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Spins: Cy Curnin • Lockdown

| May 1, 2020

Cy Curnin



Fixx frontman Cy Curnin has returned with Lockdown, his fifth solo LP, his latest since 2013’s The Horse’s Mouth. The town crier continues to roam the global village with a sweet voice that conveys bitter truths when it must. That voice may not always bring comfort, but it nonetheless assures us that we’re not alone. By naming the new album Lockdown, Curnin renders this collection of socio-political and environmental cautionary tales as a time capsule of today’s headlines.

“Dinosaurs” introduced Lockdown’s song cycle with deceptively gentle keyboard balladry and understated but tech-savvy pop. Curnin finds a parallel for humanity’s headlong flight toward oblivion in the fate of the dodo bird, or the limited lifespan of a dinosaur gazing in uncomprehending wonder at an approaching meteor. The singer’s lyrics have often championed resilience despite apparent fragility. The title track from 2005’s album Mayfly celebrated the ephemeral insect’s brief gift of life. During “In the Blink of an Eye,” Curnin identifies “the flower in the rainstorm, holding its head up high.” However, the song takes a darker turn by suggesting that what makes us stronger can also kill us with ruthless efficiency. Extinction can arrive in a cataclysmic flash – or at least appear like a binary event to those who have flouted the remonstrations of Mother Earth. “Should have taken the warning,” Curnin has often sung during Cold War protest anthem “Red Skies at Night.” “It‘s just people ignoring.”

The low spark of “Hell Hath No Fury” continues along the thread, describing the consequences of scorning the woman of the world. Grim tidings unfold while Curnin lowers his agile tenor into a rumbling baritone akin to Tom Waits.

Curnin’s affinity for Moroccan instrumentation informs the downtempo vibe of “The Land of the Blind,” recalling fan-favorite “Just Before Dawn” from the Fixx’s 2012 LP Beautiful Friction. “In the land of the blind, the one-eyed man is king,” sings Curnin. It’s a land of delusion where the population collectively forsakes their other senses as well, drowning the sound of reason in a sea of their own noise and the ranting of the king. The song begs the question of whether social media help us to navigate uncertainty together or whether it stokes collective paranoia. “It won’t get better ‘til we hit rock bottom,” Curnin sings during “Rock Bottom.” The song inverts the contemporary quest to flatten the curve–whether that line is measuring pandemic statistics or spiritual trauma. The song also reflects the sentiment behind the evergreen “Saved by Zero,” with a swirling synthesizer that is recognizably Fixx-y.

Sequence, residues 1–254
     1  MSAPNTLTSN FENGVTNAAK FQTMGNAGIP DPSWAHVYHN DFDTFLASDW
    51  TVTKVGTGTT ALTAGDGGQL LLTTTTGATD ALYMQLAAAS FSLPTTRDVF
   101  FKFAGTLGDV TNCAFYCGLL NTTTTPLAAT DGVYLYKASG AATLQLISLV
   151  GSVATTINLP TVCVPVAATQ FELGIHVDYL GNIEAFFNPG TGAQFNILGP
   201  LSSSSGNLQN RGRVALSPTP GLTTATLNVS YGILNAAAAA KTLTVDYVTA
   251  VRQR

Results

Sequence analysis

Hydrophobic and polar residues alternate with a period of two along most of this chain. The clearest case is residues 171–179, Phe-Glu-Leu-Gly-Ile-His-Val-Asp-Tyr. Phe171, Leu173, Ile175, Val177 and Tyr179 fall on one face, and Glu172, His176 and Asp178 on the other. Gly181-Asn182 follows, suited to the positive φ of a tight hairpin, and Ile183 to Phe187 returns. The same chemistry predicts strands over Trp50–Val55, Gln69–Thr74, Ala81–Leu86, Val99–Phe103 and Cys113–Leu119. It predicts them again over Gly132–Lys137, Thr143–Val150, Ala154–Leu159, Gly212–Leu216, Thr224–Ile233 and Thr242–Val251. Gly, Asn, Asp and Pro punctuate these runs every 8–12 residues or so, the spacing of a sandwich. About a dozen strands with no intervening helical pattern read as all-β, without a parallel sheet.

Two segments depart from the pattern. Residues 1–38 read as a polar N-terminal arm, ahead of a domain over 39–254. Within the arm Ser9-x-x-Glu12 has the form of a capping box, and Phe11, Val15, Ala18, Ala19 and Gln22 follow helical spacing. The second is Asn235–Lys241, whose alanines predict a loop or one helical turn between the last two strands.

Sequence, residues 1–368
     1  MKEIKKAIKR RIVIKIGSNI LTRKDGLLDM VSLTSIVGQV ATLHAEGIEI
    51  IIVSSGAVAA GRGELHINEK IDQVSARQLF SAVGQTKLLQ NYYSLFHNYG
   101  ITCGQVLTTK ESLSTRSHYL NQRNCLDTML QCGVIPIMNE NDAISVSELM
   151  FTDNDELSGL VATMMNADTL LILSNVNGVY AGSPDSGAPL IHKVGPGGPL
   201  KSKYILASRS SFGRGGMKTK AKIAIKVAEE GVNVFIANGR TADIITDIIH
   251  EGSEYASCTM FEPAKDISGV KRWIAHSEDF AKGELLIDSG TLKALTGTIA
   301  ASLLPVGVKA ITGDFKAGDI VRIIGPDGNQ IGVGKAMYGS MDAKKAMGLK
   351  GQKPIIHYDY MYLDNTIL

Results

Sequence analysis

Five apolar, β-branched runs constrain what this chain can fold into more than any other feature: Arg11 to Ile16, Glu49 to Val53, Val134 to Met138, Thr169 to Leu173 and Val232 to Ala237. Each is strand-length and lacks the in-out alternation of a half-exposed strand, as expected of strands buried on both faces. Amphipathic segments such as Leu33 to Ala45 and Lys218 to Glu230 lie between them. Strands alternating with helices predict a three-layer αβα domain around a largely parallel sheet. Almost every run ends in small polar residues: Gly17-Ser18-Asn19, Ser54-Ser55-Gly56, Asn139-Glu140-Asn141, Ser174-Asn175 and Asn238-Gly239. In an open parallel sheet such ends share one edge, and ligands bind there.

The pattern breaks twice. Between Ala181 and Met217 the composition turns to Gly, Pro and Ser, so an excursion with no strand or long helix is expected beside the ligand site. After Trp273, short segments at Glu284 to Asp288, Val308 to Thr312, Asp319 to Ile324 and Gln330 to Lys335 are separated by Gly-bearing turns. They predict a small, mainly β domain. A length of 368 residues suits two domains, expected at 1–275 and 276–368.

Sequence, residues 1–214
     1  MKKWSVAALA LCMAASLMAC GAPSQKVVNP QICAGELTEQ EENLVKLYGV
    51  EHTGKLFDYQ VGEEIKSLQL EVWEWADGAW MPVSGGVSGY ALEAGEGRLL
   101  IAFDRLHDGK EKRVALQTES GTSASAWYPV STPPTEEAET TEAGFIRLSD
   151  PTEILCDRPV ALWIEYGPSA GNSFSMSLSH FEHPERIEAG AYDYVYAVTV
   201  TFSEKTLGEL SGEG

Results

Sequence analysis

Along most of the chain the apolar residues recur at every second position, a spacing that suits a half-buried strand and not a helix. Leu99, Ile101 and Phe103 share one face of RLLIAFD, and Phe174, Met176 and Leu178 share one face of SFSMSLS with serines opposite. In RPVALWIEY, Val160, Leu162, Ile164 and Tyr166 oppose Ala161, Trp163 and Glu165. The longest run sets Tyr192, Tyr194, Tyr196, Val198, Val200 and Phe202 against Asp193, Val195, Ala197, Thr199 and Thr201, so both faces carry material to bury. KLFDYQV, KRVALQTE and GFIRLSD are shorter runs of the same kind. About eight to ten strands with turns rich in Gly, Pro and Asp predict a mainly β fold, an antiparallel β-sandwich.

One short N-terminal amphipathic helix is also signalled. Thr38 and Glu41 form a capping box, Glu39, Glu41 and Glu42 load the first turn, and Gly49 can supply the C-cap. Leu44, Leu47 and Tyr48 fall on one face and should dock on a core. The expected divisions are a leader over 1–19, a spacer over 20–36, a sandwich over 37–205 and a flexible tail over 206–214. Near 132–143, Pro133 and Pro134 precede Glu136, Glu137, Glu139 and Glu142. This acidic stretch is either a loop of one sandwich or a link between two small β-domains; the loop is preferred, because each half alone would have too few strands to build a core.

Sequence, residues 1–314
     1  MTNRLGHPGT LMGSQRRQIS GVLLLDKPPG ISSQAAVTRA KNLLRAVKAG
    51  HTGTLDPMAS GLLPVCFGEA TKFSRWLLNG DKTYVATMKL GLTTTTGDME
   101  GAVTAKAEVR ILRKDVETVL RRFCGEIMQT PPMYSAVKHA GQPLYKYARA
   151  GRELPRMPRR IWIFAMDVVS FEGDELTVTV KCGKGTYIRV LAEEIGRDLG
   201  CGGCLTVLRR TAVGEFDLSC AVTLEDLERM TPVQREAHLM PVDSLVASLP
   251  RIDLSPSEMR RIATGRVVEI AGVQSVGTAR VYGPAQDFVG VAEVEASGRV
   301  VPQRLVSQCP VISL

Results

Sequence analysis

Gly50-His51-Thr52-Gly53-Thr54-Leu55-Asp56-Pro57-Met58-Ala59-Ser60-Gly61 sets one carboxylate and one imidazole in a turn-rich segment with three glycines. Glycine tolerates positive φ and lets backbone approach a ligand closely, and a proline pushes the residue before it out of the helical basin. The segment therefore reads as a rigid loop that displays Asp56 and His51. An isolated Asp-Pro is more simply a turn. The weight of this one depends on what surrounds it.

Despite its critical angle, “Rock Bottom” retains a glimmer of hope. Anyone reaching that shadowy nadir should take heart, realizing that there’s nowhere to go but upward and into the sunshine.

Lockdown tracks, including “Last Night on the Planet,” reveal Curnin’s hidden strengths as a singer-songwriter, albeit one with an affinity for the sonic drama of a band like Pink Floyd. “We were brought down by our appetites,” Curnin sings, echoing a common lamentation. In the song’s sci-fi setting, humanity leaves dashed dreams as they rocket toward the unknown. It’s anybody’s guess whether they’ll make good on a second chance among the stars.

During “Just Like the Rest of Us,” the one-percenters fall from their ivory towers due to unspoken calamity. The erstwhile elite is forced to scrabble in the dirt as newly minted refugees among those they once considered their inferiors and upon whose backs they built their hoarded fortunes. There’s little gloating among the lower castes, however–just a shared sadness. Curnin’s resolute piano and gravel-etched baritone are heightened by a thrilling solo from guitarist Rick DiFonzo, channeling David Gilmour’s cosmic blues.

There’s no mistaking Curnin’s voice, but Lockdown reverberates with personal identity and a more intimate tone than the Fixx’s sonic thrills. Still, “Overkill” is propelled by the heartbeat of a rocker and could have suited any Fixx setlist. From the Cold War sentiment of “Stand or Fall” to pre-climate crisis environmental warnings in “Driven Out,” Curnin has marked his career with the Fixx by speaking to the times and uncovering lasting truths.

Lockdown’s most telling statement may be found in “Genie’s Out of the Bottle.” With the gravity of latter-era David Bowie a la Heathen and Reality, the song describes a force of change that cannot be confined. The genie could represent climate crisis, pathogen, revolution, or depending upon your perspective, even an outbreak of love. Regardless, it’s on the loose.

The present will not be recaptured in the bottle of the past. The questing “Something is Calling Me” veers from the album’s existential dread toward determination and spirit, with an urgent need to shake the anxiety of the age and make the most of time “on this side of the grave.” Light bleeds through the cracks in the album’s dystopian fear, but this is no party album. Curnin is calling the demons of the day by name to cast them out. In the process, he offers to help you do the same with yours.

– 8 out of 10

-Jeff Elbel

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Category: Spins, Weekly

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